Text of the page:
Individualism and Collectivism

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1. Compare and contrast individualism and collectivism as discussed in Estep: ch. 9.
Humans are designed to cultivate both individualism and collectivism – let me explain. Both are good if used appropriately. The problem is when either is used exclusively, to the abandonment of the other. As individuals, humans are expected to grow and mature; a person accepts Christ individually. On the Day of Judgment, humans will be held to account for their actions and behaviors individually. It is this aspect of individualism that is an inherent part of a healthy person, and it is what God intended to be the case. Jonathan Kim in the Estep textbook refers to the “I-consciousness” to refer to the individual aspect of faith. The extreme use of …show more content…

Kim writes that the Apostle Paul and the reformer Martin Luther were both utilizing this approach. e. Christ the Transformer of Culture – Hopefully all Christians use this at least part of the time. Kim mentions that from this perspective, “culture would be viewed as internally redeemable by Christ … it is neither good nor fallen but transformed by Christ.” Since culture is man-made, I agree that it is not inherently good. But, I would advocate that culture is inherently fallen since it is created and maintained by fallen humans. Therefore as Christ can redeem humans, Christ can also redeem society.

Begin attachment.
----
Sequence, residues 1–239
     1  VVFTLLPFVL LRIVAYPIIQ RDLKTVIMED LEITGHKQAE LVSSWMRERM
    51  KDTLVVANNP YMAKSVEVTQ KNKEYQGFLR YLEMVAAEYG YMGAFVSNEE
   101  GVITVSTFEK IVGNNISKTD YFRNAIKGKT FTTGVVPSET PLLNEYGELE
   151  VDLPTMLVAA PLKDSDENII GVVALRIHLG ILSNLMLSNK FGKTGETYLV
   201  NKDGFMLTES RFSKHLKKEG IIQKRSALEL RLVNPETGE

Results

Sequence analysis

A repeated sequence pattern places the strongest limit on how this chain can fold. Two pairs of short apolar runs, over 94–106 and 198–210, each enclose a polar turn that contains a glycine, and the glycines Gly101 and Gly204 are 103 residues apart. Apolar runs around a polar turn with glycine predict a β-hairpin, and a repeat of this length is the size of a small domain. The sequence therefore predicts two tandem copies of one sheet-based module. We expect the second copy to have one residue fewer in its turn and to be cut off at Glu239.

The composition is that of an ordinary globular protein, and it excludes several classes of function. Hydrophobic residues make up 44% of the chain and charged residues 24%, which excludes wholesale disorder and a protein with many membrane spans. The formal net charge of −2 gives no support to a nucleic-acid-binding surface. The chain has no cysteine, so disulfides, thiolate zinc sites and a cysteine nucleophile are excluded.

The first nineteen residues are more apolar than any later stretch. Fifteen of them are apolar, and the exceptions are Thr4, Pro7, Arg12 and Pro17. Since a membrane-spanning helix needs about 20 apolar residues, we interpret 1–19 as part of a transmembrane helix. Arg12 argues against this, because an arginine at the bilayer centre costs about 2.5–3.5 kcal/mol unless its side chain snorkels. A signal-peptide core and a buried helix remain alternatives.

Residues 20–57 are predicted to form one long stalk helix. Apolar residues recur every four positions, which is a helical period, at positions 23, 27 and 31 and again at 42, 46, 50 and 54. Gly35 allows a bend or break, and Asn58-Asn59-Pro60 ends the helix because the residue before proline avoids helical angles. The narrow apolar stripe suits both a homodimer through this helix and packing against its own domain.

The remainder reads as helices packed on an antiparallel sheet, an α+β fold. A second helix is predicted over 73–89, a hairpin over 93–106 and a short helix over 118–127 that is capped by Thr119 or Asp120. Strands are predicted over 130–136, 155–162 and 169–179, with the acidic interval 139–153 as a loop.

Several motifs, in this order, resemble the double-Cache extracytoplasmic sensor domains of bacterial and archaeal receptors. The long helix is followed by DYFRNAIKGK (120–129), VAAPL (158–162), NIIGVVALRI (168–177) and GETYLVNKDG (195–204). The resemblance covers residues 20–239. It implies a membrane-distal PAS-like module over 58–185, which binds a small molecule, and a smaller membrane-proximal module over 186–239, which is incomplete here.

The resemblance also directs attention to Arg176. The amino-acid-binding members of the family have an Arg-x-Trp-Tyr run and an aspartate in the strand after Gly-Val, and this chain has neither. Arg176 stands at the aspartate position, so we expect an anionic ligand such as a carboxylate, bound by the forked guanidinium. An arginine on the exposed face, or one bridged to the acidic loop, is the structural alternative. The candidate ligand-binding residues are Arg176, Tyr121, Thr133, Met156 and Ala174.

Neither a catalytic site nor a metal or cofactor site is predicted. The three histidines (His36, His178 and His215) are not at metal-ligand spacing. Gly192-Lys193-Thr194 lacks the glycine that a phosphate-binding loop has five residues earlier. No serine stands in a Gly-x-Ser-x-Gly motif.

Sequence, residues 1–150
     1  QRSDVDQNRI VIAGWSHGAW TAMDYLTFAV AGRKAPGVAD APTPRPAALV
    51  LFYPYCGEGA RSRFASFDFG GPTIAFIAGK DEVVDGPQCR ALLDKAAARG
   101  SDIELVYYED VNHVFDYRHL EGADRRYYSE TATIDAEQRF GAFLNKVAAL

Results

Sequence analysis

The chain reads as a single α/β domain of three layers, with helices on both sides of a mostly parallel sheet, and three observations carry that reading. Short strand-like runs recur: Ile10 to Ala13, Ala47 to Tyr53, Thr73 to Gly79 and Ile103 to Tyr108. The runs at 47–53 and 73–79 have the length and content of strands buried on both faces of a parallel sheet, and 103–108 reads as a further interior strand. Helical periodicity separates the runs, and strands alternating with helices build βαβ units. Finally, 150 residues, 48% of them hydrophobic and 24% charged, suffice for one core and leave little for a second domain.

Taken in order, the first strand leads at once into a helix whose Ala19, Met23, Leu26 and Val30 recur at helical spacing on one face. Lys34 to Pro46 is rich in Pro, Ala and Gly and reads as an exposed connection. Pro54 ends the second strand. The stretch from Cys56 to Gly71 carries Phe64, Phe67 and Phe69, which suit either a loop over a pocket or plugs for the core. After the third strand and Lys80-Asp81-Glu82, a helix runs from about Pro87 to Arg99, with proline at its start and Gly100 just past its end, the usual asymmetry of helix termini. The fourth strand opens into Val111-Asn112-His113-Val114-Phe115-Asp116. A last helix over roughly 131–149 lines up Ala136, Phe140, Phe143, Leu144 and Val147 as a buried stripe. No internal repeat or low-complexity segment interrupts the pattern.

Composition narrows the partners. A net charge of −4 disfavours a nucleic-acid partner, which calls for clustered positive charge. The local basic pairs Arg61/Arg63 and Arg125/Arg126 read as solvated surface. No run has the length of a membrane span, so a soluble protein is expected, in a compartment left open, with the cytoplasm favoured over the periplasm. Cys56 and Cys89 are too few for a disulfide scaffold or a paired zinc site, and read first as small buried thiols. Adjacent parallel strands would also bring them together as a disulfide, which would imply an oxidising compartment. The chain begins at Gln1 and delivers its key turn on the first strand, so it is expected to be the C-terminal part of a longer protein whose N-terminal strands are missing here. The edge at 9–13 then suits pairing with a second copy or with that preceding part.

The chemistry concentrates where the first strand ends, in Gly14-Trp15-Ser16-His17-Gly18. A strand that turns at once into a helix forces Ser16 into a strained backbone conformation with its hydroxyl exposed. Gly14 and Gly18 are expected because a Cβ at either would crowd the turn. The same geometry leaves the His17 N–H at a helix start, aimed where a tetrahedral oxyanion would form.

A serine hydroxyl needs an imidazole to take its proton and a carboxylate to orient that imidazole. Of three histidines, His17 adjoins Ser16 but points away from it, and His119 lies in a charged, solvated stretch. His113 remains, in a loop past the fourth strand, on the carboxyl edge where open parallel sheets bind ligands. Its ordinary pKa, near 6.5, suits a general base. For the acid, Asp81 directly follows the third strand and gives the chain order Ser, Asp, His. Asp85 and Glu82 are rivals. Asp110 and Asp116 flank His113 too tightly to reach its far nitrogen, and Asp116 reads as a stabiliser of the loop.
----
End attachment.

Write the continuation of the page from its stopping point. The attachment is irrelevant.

2. How might they influence the evangelization and mission strategies of the evangelist or missionary?
In mission-work, there is a need at times for a Christ of Culture approach in that the missionary must blend-in to the culture to be able to reach the intended group. At the same time, it is important to not be syncretistic so a Christ above Culture and Christ the Transformer of Culture approaches much also be used at the same time to help balance the approach. The same applies to the evangelist – he must be able to reach the intended audience but not by watering-down the Gospel message.

3. How might they influence one’s Christian leadership?
As a Christian leader, the same applies from the above paragraph. A leader must be relevant to the culture within which they operate, but not to where they alter the

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